November 20, 2008

Today’s NewsBusters Posts (112008)

  • Obama Attorney General Nominee Eric Holder Helped Enable 2000 Elian Gonzalez Seizure — Regardless of how you feel about the case, Holder’s and Janet Reno’s underhanded handling of the 6 year-old’s seizure, and Holder’s incredible denial of reality even when it was staring him in the face (“He was not taken at the point of a gun”) should, in my opinion, remove him from serious consideration as Obama’s Attorney General.
  • LAT Writer: Obama Defense Picks are “Centrists”; Peace Activist: You “Can’t Directly Criticize” Obama — Lefties are feeling let down as people the LA Times’s Philip Richter calls “hawks” and a peacenik calls “centrists” (they’re largely lefty-lite CYA-artist former Clintonistas) appear to be Obama’s faves as defense advisers. Poor babies.

Couldn’t Help But Comment ….. (112008, Morning)

Filed under: Business Moves,Education,Environment,Taxes & Government — Tom @ 10:41 am

Further supporting his given nickname around here, Objectively Unfit Mitt Romney was for an auto-industry bailout during the GOP primaries, but now he’s against it (HT Outside the Beltway).

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Understatement of the Week, via Michelle Malkin, on video at Hot Air:

I think that the left has always gotten away with behavior that the right could never get away with.

Related: Malkin’s column on “The Insane Rage of the Same-Sex Marriage Mob.”

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I’m trying to figure out if this is a complete sell-out, or a successful wall-off (HT Michelle Malkin) — I disagree with Michelle that eHarmony was “forced” to provide same-sex dating capability; they chose not to fight before the suit against them even came to court. But by providing a separate domain for same-sexers, eHarmony may be able to prove there’s not enough of a market for the additional service, given the already-existing competition.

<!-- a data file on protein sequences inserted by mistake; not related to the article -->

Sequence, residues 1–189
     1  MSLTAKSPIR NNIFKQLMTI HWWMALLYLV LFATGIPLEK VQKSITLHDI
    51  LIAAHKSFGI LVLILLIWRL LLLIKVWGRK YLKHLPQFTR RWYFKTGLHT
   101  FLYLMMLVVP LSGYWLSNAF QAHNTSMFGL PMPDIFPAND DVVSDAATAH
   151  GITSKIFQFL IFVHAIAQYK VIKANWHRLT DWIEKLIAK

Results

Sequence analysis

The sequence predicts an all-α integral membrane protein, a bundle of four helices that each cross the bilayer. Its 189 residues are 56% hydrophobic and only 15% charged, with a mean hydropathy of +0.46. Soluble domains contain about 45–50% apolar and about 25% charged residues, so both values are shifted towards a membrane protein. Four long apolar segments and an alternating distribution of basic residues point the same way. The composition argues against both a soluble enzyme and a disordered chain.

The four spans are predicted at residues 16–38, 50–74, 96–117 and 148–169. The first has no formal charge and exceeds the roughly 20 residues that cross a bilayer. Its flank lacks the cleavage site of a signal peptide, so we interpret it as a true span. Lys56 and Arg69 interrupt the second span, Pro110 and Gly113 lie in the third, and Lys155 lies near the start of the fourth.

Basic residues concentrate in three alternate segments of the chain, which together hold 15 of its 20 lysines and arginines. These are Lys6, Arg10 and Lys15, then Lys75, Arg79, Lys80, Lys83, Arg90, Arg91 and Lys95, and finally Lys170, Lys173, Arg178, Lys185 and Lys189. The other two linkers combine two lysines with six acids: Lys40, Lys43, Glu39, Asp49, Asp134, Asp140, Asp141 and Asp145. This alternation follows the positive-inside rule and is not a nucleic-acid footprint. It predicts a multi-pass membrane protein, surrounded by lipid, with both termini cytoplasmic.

The counterargument is that if eHarmony tries to shut down an unsuccessful same-sex dating site, it will probably get sued for not promoting it enough, or something similarly frivolous.

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A mayoral recall effort is being pursued in Akron (HT Stark County Politics):

Warner Mendenhall, the Akron attorney who officially launched the oust-Plusquellic campaign just after midnight Tuesday, reported a positive response.

In the first day, he said, his recall Web site — http://www.changeakronnow.com — received more than 950 hits, 11 people signed up to volunteer and a number of others called, expressing interest.

”I think the response has been tremendous. I’m shocked,” said Mendenhall, who has gone head to head with Plusquellic on multiple issues, including the mayor’s recently defeated proposal to lease the city’s sewers to pay for scholarships.

Mendenhall announced his plan to try to get Plusquellic booted from office on Monday, saying the mayor has misdirected the city and indebted Akron too much, and that his personal behavior has been appalling.